Bernie Sanders’ claim that Hillary Clinton isn’t qualified to be president landed with a boom this week. The blow was far from the first – and won’t likely be the last – from the candidate who pledged to stay away from negative campaigning.

The Vermont senator kicked off his insurgent presidential bid last year with a pledge to focus on issues over character attacks and boasted often that he’s never run a negative ad. But for months Sanders has sharply criticized Clinton, slamming her for supporting the war in Iraq, for her record on trade and most aggressively for her lucrative paid speeches before Wall Street bankers.

While his tone has shifted as the race has grown more combative on both sides, Sanders’ campaign officials argue that he has kept his promise. They say he has focused his fire on policy and is simply fighting back against Clinton’s own attacks.

"Bernie Sanders decided yesterday that he wasn’t going to go into the New York primary and be run over by their campaign," said Tad Devine, a senior adviser to Sanders’ campaign. "He responded in kind."

The conflict between the two flared this week ahead of the crucial April 19 New York primary. On Wednesday, Clinton questioned Sanders’ truthfulness and policy know-how, though she avoided direct questions about whether he was qualified to be president.

Still, Sanders seized on the remarks at a rally that night, telling a crowd of thousands that Clinton has been saying that he’s "not qualified to be president."

"I don’t believe that she is qualified if she is, through her super PAC, taking tens of millions of dollars in special-interest funds," he said.

Clinton aides and supporters pushed back aggressively. A fundraising email sent out shortly after from Christina Reynolds, the Clinton campaign’s deputy communications director, said Sanders had "crossed a line," calling it a "ridiculous and irresponsible attack."

The increased scrapping comes as the surprisingly competitive Democratic race heads into the high-stakes final contests. Sanders has been on a winning streak, but still must take 68 percent of the remaining delegates and uncommitted superdelegates to win the Democratic nomination. That would require blow-out victories in the upcoming primaries.

Steve McMahon, a Democratic strategist who advised Howard Dean’s 2004 presidential campaign, said Sanders is unlikely to win the nomination unless he can win "big states by big margins" – beginning with New York, the state Clinton represented in the Senate.

"For Hillary Clinton, this is about bragging rights. For Bernie Sanders, this is about survival," he said.

McMahon added that Sanders’ comments on Clinton’s qualifications was an "authentic reaction" to the situation, but "it was not accurate."

"Trying to prosecute an argument that she’s not qualified to be president is ridiculous and it’s a losing argument," he said.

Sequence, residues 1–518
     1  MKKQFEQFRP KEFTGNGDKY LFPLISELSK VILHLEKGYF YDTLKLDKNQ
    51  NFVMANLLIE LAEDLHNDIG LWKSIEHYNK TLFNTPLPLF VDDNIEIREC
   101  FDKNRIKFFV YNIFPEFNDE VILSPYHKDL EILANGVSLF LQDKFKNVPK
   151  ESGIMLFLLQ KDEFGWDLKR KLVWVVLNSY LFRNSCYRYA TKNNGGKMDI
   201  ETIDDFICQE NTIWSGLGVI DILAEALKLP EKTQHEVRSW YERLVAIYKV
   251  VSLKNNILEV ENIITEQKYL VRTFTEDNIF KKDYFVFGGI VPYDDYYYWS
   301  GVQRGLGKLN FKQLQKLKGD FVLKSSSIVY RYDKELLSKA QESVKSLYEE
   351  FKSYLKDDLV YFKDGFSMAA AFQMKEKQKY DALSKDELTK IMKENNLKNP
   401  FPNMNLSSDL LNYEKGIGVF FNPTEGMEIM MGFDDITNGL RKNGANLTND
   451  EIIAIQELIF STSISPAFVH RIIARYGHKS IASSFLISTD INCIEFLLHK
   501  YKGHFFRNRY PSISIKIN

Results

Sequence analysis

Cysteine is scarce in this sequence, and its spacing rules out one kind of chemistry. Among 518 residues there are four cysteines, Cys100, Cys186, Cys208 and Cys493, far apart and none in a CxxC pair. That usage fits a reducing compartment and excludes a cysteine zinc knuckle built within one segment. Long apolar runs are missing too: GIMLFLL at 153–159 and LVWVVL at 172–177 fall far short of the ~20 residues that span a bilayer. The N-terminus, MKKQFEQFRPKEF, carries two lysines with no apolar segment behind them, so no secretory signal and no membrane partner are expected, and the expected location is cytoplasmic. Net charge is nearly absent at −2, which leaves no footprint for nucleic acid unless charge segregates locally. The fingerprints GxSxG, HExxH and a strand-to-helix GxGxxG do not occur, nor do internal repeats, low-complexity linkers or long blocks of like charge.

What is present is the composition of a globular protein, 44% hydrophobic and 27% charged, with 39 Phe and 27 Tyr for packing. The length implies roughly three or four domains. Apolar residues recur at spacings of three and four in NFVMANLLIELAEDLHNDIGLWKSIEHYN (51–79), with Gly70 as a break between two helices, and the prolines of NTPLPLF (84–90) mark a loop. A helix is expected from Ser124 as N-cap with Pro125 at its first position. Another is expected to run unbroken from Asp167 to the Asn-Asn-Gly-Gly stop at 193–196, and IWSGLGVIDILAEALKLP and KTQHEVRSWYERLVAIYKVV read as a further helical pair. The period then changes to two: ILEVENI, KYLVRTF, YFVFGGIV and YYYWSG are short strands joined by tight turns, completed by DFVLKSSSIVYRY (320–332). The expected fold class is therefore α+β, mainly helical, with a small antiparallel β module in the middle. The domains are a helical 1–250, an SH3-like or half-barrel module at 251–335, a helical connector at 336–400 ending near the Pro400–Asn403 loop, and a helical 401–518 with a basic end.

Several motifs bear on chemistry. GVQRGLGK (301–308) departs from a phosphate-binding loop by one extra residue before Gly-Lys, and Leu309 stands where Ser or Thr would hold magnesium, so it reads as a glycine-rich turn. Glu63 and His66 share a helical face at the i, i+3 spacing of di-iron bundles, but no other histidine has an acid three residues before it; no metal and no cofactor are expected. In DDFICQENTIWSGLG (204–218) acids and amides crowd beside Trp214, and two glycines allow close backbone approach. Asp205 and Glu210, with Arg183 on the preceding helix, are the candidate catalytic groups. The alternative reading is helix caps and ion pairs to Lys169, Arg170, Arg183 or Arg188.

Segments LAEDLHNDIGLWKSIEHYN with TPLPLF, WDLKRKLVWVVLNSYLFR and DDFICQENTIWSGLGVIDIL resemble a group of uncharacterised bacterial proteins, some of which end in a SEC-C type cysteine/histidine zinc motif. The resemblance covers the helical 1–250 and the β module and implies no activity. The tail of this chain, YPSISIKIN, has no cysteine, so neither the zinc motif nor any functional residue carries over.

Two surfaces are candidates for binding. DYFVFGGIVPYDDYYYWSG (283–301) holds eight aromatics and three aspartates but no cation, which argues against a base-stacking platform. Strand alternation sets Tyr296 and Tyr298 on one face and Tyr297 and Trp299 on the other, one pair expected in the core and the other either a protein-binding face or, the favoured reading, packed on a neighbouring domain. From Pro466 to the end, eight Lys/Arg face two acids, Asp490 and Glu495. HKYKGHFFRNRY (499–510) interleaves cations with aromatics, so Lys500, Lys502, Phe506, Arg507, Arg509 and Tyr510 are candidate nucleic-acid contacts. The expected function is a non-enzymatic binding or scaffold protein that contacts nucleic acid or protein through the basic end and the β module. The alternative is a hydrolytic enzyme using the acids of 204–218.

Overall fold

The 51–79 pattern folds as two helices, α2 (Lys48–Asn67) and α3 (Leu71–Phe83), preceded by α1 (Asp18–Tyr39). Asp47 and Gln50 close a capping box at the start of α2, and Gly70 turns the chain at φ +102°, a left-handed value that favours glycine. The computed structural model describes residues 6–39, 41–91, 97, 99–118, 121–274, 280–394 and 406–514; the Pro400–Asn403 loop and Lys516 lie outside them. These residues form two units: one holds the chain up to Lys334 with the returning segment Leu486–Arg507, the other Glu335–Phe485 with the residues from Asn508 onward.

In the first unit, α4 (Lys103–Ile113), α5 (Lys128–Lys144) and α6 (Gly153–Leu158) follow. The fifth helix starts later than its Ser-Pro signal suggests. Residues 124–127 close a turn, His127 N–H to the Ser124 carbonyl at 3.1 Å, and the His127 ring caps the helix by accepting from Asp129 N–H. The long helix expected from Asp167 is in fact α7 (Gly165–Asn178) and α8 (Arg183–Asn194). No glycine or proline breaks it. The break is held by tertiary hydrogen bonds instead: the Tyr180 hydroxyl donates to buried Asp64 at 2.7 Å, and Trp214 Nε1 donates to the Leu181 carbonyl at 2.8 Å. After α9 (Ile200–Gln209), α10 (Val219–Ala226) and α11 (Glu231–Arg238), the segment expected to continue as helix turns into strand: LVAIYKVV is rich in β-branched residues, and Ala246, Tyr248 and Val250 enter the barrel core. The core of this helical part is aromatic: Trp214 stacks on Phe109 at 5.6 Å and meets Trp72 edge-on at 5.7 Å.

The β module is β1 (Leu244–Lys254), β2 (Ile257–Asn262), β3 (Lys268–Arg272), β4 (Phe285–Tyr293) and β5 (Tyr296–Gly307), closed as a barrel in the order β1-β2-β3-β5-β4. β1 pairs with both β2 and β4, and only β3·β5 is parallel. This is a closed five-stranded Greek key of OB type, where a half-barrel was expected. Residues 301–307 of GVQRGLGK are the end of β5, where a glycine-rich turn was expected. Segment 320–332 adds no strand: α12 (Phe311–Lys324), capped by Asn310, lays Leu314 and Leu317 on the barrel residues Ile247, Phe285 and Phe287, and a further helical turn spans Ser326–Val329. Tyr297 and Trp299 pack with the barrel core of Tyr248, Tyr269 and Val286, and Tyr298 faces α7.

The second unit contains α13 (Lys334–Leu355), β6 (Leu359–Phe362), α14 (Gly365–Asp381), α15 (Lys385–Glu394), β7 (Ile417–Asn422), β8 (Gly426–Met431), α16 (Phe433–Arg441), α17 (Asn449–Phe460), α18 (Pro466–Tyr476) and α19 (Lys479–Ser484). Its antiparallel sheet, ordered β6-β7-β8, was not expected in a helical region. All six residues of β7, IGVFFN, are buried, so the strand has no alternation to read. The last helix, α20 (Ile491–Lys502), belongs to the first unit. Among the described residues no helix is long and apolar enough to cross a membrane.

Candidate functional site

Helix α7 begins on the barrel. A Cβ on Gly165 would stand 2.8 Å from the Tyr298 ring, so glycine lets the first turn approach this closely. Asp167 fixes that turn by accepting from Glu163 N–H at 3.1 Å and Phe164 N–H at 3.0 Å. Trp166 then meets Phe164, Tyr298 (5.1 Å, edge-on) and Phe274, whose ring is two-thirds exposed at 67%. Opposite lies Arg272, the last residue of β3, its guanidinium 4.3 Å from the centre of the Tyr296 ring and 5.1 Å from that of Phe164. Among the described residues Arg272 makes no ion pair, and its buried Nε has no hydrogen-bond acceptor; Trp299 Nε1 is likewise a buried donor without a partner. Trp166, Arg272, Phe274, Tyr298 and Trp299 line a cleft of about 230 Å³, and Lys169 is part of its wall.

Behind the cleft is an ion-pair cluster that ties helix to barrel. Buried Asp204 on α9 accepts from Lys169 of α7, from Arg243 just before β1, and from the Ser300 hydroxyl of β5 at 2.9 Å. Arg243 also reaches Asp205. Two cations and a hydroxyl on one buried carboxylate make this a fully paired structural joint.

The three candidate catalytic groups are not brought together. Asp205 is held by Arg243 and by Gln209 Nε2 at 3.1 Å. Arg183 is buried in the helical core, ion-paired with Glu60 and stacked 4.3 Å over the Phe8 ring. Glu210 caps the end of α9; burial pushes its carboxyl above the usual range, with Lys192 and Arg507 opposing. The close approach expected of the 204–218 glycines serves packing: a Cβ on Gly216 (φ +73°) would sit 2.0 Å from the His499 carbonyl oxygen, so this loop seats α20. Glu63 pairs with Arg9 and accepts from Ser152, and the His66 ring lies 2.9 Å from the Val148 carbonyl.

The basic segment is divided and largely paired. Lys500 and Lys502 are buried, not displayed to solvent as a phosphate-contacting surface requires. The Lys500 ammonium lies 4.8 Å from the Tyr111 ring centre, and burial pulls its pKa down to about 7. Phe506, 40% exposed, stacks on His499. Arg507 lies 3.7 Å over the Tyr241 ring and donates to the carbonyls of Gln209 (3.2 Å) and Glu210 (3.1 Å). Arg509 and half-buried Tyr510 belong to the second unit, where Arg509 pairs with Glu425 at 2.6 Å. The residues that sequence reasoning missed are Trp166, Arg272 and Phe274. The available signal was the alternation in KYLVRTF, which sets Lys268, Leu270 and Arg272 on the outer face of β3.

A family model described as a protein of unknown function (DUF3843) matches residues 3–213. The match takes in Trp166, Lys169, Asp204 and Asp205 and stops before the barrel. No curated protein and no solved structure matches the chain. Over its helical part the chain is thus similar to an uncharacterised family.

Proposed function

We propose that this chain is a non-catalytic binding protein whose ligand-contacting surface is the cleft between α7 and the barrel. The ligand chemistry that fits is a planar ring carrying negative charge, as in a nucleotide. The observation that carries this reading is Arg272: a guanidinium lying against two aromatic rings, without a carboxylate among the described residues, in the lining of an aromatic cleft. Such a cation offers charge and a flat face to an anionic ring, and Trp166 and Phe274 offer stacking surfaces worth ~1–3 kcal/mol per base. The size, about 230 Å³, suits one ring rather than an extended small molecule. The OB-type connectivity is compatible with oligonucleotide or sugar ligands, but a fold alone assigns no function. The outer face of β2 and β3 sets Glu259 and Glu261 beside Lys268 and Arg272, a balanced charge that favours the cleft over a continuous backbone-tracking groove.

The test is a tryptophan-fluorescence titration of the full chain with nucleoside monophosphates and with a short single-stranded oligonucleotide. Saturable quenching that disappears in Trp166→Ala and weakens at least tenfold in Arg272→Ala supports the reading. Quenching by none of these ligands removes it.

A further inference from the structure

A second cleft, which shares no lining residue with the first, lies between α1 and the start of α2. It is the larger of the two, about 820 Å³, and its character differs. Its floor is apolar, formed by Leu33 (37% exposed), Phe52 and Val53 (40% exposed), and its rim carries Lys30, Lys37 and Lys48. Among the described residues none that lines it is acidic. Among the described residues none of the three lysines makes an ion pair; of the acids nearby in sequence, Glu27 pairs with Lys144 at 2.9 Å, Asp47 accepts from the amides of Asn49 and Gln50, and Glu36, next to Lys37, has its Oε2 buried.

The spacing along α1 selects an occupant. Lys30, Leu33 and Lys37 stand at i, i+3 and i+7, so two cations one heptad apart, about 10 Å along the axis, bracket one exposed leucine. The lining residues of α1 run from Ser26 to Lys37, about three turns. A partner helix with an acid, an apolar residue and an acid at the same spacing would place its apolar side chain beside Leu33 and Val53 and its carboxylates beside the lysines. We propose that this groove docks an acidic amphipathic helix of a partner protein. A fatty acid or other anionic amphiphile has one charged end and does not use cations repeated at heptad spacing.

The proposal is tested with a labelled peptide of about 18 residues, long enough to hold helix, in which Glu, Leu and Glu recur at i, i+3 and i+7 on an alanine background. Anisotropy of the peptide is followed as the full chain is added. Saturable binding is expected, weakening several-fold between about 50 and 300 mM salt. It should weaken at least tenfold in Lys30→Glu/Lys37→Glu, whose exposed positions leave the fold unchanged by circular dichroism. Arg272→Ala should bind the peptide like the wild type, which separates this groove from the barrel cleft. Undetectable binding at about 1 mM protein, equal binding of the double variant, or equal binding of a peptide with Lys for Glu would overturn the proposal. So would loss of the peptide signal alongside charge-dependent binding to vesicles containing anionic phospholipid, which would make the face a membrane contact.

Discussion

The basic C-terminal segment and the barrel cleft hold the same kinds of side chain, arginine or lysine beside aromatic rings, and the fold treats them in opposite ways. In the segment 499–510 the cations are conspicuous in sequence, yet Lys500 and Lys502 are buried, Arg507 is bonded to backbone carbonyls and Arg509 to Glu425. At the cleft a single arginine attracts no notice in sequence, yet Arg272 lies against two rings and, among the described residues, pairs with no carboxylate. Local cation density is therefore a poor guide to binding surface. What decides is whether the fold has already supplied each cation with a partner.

Sanders softened his rhetoric in an interview Thursday on "CBS Evening News with Scott Pelley."

"What I said was in response to what she has been saying. Washington Post headline, quote ‘Clinton Questions Whether Sanders is Qualified to be President.’ I thought it was appropriate to respond."

He said Clinton "has years of experience. She is extremely intelligent" and said that if Clinton is the party’s nominee, "I will certainly support her."

He also gave her some wiggle room on Iraq. "Of course she doesn’t bear responsibility" for Iraq war victims," Sanders said. "She voted for the war in Iraq. That was a very bad vote in my view. Do I hold her accountable? No."

Sanders wife Jane, appearing Thursday on MSNBC, said of her husband: "Bernie has moved on."

But on Friday morning, Sanders said on MSNBC’s "Morning Joe" that he was forced to react more fiercely to Clinton statements in recent days because her campaign decided to "go negative" against him in the wake of his string of recent primary season victories.

He said he was being "attacked day after day after day" and said "what am I supposed to do? We’ve got to fight back."

"Let’s get back to the issues," Sanders said.

When asked Friday whether Clinton was qualified to become president, Sanders replied: "Of course."

"Here’s the truth, I’ve known Hillary Clinton for 25 years," he said at a Manhattan town hall meeting broadcast on NBC’s "Today Show" Friday.

"I respect Hillary Clinton, we were colleagues in the Senate, and on her worst day she would be an infinitely better president than either of the Republican candidates."

Clinton’s campaign has grown increasingly frustrated with Sanders’ attacks, particularly around campaign finance and Wall Street, which they say amount to character criticisms. They have amped up their own rhetoric in recent days, hitting him for being weak on gun control and trying to pit him against the families of children murdered in the Sandy Hook school shootings.

Sanders volunteer Brenda Brink, from Huxley, Iowa, said Sanders was doing what he needed to do.

"If you want to call it negative, I call it politics," said Brink, 58. "He’s not going to lay down and let it pass and no one really wants him to. It’s a fight."

With over a week to go before the New York primary, the tension is only expected to get worse.

(Copyright (c) 2016 The Associated Press. All Rights Reserved. This material may not be published, broadcast, rewritten, or redistributed.)

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